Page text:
New Yorker spot drawings are free range graphic pieces, not illustrating the text surrounding them (in modern times they sometimes do refer to an issue’s theme, if the issue is thematic), thus Thurber’s dog and seal are not New Yorker spot drawings.

Finally, Mr. Degg’s says:

“…Michael Maslin claims the first real Thurber cartoon appeared in the January 3, 1931 issue…”

My information concerning Thurber’s first New Yorker cartoon comes from Edwin T. Bowden’s James Thurber: A Bibliography, published by Ohio State University Press in 1968. In all the years (close to 40 now) I’ve used this as a reference, I’ve yet to find an error.  While I heavily rely on Mr. Bowden’s good work, I also comb through back issues of The New Yorker.  In all of my combing, I’ve never found an earlier Thurber New Yorker cartoon than the one Mr. Bowden designated as the first ( that cartoon appeared in the issue of January 31, 1931).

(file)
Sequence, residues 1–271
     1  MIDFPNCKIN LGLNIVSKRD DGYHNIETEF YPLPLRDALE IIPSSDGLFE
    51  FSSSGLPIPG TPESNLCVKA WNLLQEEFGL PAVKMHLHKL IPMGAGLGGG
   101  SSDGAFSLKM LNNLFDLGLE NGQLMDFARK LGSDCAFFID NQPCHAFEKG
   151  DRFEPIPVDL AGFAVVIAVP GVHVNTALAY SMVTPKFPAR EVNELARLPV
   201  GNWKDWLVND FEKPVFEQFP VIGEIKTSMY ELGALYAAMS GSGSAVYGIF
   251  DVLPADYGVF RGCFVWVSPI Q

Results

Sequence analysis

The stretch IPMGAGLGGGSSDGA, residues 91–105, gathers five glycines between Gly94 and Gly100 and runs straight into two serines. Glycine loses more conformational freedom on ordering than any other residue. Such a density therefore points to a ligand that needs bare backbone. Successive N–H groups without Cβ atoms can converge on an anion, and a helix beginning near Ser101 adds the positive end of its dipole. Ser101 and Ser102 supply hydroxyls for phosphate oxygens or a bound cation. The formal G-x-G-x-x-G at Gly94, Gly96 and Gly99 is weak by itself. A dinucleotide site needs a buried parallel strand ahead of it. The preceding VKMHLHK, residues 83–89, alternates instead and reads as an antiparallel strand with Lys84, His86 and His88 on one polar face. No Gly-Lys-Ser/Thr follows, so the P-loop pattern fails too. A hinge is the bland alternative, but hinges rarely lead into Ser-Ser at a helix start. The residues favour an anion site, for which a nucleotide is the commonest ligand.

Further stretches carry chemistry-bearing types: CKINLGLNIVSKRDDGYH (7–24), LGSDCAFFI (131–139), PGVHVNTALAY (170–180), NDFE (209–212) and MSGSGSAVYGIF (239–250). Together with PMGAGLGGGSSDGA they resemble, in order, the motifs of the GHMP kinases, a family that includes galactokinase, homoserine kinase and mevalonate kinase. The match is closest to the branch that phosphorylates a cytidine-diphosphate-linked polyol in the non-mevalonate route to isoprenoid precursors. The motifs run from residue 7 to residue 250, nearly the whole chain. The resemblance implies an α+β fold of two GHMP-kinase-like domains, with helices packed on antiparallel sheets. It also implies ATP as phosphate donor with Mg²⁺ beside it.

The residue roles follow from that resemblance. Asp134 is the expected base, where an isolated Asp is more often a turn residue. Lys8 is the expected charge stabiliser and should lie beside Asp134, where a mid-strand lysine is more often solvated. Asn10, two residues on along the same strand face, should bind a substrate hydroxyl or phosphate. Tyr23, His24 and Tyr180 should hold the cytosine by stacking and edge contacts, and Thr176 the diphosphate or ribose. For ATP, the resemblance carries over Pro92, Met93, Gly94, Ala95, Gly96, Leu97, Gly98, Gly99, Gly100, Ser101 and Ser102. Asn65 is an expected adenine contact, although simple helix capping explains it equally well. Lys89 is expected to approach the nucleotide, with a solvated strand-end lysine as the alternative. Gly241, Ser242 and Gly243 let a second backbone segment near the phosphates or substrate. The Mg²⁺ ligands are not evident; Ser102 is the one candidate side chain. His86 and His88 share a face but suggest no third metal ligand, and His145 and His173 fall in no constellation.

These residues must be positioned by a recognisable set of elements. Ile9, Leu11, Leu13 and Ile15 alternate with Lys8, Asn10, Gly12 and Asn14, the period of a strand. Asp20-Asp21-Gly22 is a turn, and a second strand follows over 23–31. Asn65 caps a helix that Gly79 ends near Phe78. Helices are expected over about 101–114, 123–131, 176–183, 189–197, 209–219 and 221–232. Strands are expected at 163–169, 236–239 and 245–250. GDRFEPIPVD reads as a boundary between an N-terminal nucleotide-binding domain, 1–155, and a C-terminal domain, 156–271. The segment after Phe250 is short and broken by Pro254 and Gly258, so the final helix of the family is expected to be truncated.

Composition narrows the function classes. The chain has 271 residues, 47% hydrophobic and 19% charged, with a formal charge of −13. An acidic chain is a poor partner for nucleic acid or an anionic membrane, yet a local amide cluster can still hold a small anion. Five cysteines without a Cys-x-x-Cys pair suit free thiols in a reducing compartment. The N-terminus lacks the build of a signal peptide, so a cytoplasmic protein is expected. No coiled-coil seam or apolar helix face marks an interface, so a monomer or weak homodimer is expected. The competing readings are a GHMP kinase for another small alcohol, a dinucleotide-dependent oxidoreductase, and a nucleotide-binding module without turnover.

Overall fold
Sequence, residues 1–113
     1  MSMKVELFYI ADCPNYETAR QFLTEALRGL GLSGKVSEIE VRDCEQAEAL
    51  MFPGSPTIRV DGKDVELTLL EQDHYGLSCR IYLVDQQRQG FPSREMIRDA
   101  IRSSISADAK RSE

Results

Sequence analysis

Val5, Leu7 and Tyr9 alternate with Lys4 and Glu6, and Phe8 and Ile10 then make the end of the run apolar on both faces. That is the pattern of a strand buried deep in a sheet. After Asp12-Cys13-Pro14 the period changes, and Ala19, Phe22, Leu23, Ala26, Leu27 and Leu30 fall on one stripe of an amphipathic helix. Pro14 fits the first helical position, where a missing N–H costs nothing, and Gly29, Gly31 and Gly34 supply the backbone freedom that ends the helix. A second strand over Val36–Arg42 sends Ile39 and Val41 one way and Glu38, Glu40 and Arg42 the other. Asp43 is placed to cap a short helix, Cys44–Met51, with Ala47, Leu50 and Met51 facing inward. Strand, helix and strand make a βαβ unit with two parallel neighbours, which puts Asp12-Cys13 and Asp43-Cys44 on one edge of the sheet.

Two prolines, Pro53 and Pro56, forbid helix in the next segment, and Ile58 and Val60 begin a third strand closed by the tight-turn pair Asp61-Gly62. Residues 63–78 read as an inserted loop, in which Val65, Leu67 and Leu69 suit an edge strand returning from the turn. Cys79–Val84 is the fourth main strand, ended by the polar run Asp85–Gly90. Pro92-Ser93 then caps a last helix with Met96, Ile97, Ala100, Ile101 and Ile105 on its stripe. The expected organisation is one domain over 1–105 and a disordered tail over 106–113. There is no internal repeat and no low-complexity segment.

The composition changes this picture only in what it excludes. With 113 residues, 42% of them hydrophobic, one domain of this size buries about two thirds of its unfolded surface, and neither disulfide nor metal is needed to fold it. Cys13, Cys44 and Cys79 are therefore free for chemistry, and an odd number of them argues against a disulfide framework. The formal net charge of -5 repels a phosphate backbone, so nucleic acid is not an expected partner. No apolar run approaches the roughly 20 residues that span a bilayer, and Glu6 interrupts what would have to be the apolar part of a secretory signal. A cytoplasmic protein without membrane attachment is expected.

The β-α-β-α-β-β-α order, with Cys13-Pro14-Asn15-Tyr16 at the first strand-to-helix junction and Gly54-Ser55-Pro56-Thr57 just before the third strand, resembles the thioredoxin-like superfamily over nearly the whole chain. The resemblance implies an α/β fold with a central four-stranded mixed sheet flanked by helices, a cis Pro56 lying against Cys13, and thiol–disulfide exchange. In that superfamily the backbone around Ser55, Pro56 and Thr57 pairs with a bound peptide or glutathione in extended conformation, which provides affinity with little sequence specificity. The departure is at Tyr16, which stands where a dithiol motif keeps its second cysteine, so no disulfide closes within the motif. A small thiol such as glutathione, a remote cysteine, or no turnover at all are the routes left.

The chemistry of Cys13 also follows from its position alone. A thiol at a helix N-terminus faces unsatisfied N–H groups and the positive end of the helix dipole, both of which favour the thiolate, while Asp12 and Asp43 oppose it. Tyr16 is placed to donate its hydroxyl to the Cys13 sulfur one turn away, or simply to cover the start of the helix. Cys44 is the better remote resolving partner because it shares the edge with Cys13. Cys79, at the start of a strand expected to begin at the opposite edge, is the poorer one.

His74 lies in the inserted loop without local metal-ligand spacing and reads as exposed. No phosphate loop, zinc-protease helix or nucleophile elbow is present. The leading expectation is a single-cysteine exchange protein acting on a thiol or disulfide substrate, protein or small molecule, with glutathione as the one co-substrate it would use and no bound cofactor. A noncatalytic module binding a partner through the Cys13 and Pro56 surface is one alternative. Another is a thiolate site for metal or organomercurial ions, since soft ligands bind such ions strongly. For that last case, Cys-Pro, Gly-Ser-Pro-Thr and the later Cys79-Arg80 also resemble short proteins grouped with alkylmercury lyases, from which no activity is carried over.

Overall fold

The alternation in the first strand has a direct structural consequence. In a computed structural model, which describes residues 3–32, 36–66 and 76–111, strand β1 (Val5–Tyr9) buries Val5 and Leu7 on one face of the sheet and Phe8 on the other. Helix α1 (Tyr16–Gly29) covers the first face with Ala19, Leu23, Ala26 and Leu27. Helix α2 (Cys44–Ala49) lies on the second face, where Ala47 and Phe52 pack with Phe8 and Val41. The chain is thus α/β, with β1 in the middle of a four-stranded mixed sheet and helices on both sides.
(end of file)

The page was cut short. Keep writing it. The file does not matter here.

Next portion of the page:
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Today’s Daily Cartoonist & Cartoon

Brendan Loper on getting directions.

Mr. Loper has been contributing to The New Yorker since 2016.

Yesterday’s Daily: Avi Steinberg on a warm February.

Mr. Steinberg has been contributing to The New Yorker since 2012.